Logic, Luck and Love
I’ve been recently writing about what goes on inside my head during specific stand-up and storytelling performances. I’ve only done this twice so far, though I’ve probably been on stage about 60-75 times in my short(ish) career(ish). Well, this most recent one was the most unique performance of those 75 shows. It was a delicious and intimidating performance smoothie, blending together equal parts stand-up, storytelling and theater – one of which I’d never tasted before.
It all started (for me) when Molly asked if I was interested in doing a show in the Fringe Festival with her, Jenn Moore and Kevin Boggs. I had just worked with Molly in Sucker for Love 2: Electric Boogaloo and graciously accepted doing whatever this thing was, having never heard of the Fringe Festival with no clue of the massiveness that it was. Molly and Jenn had gotten this concept to make a show based around the relationship experiences of both men and women, gay and straight and wanted four people, one of each gender and sexual orientation. After casting Kevin in a no-brainer decision, they needed one last piece for the puzzle – a straight guy. And there were none in the DC Theater scene. “Sure, I’ll be your straight guy.” And so I was cast.
We worked tirelessly on this project from February through opening night in mid-July. If this article were a cheesy 80s movie, this paragraph would be the cheesy montage scene with the necessary cheesy quasi-inspirational one-hit-wonder music playing in our earphones. Me sitting alone writing. Thinking. Idea! Writing again. Jenn, Molly and I on the roof laughing. Me crumpling up paper and throwing it dramatically across the room. The cat runs away from it. I pick her up and nuzzle her nose. More writing. All four of us around a table with salt and pepper shakers. Jenn moves them around a coaster as if they were people. Kevin then pretends they are having sex with each other and makes kissy noises. I roll my eyes. More writing. Rewriting. Editing. By the time June rolled around, I was thankful to go to work to get a break from rewriting all this crap. And then there starts the montage where we introduce Joe and Amy as directors and start pacing around the basement and get serious. This should have been the part of the movie where you got up to get an ice cream sandwich.
Cut to opening night. I’ve never been more prepared for anything in my life. No football game, no stand-up routine, no homecoming dance gig, nothing. Not even the SATs. Birth. Maybe my own birth and that’s about it. Still, I was more nervous than I had been for anything. In stand-up and storytelling, you’re hanging out with the audience before the show, flirting with the girls and drinking with your friends. Here, I was told we needed to be backstage. I never really had a backstage. I mean there was a green room at the Funny Bone, but we weren’t confined there like we were here. We kept peeking through the curtain to see people we knew. Molly and I both had a little audience participation, so we looked out to find our victims. All four of us took turns begin peppy with energy, nervous with anticipation, excited with motivational words and secluded in last-minute rehearsal. I can remember all three of them at different times telling me how great I was, along with each other. It was inspiring and comforting. Well done, fellow cast members. Amy came back every 5 minutes. “15 minutes.” “10 minutes.” “5 minutes.” This was what made me the most nervous. That and this was my first sober performance possibly ever.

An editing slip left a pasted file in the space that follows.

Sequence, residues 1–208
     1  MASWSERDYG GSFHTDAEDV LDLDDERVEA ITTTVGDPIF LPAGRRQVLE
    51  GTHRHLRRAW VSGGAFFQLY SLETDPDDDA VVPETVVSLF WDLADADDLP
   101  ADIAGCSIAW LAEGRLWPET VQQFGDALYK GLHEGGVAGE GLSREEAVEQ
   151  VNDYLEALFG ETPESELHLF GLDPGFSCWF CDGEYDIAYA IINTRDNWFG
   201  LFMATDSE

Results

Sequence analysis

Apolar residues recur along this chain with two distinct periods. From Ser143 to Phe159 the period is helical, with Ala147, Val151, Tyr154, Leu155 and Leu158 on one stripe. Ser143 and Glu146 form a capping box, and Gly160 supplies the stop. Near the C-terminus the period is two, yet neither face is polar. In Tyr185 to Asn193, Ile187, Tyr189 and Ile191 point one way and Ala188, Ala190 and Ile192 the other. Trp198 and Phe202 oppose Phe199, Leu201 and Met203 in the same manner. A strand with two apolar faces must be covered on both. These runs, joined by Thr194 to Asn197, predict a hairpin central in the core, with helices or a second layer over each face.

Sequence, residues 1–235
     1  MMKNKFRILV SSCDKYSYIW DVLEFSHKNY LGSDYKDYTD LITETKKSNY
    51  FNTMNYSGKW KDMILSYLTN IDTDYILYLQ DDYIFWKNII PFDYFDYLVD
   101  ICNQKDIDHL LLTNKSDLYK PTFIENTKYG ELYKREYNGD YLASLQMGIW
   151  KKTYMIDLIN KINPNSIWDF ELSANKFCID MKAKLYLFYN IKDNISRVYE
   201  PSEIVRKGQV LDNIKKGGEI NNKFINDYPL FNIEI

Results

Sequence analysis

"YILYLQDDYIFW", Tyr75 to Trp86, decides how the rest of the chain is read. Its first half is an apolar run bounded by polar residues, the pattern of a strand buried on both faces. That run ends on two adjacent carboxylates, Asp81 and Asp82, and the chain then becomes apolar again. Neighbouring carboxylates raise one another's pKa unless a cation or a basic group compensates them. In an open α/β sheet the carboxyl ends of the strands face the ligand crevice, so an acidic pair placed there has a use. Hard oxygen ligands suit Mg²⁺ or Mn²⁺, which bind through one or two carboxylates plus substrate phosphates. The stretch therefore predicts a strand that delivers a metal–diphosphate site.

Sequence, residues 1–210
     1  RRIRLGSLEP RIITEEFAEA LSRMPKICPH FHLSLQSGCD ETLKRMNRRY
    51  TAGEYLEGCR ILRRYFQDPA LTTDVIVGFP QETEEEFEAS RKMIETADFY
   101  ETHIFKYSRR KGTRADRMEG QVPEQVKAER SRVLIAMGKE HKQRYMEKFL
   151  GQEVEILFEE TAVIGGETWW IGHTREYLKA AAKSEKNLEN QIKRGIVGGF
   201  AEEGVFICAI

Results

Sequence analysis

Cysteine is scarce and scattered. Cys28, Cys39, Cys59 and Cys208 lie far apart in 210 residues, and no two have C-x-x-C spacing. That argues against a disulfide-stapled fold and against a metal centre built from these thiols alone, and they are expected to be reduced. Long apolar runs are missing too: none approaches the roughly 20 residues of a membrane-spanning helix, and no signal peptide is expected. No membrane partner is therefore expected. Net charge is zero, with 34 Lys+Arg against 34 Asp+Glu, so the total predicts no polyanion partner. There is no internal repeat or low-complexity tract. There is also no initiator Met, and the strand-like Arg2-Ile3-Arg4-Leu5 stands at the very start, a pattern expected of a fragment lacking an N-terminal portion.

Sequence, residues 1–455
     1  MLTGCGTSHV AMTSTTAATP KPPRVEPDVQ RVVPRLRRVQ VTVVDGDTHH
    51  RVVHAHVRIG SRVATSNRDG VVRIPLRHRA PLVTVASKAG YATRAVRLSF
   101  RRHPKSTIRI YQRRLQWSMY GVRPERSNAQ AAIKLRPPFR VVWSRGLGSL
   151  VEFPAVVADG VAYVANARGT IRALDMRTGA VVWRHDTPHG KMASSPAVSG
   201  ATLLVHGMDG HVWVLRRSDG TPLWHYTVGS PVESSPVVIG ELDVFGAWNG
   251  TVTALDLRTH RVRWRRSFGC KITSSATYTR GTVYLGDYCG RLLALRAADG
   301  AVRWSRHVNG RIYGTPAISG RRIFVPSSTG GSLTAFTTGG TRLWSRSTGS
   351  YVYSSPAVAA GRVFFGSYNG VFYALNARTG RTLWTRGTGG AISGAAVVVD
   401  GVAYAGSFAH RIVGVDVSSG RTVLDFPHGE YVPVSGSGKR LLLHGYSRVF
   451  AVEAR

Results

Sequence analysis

See, I have a very well-documented three-beer rule before all my shows. But for this, I didn’t want to even tempt losing my place. I had other people counting on me. Besides, we were on stage for an entire hour. Though I wasn’t talking for the entire hour, I was on the stage. I developed a new set of rules which I am happy to have followed to the letter for all 5 shows. On the day of the show, I would have no alcohol, soda or cheese at all. No alcohol for reasons of not only inebriation, but also voice. No carbonation for reasons of burping. And no cheese because I have recently not been able to process it very well. Actually, I still process it, but into short bursts of methane gas from my ass, which is inconvenient when seated for a whole hour. These three rules definitely helped me survive 5 nights of being on stage for a whole hour without needing to pee, burp or fart.
“Places, everybody.” Shit. This was it. I had the voice of Joe echoing in my head about how important this first piece was since it was the thesis of the entire show. Our individual stories were written and the cards just happened to fall so that I opened the show. I went over in my head the one part in the first piece where I stumbled the most in warm-ups one last time. OK, at least 11 last times. And then Queen spoke. “Find me – somebody to loooove, find me…” And we were walking out to the front of the stage, the men from stage left and the ladies from stage right. We sat down during the music on this particular night, which wasn’t always the case. The crowd was packed. Every chair was full. The music stopped. This was my cue.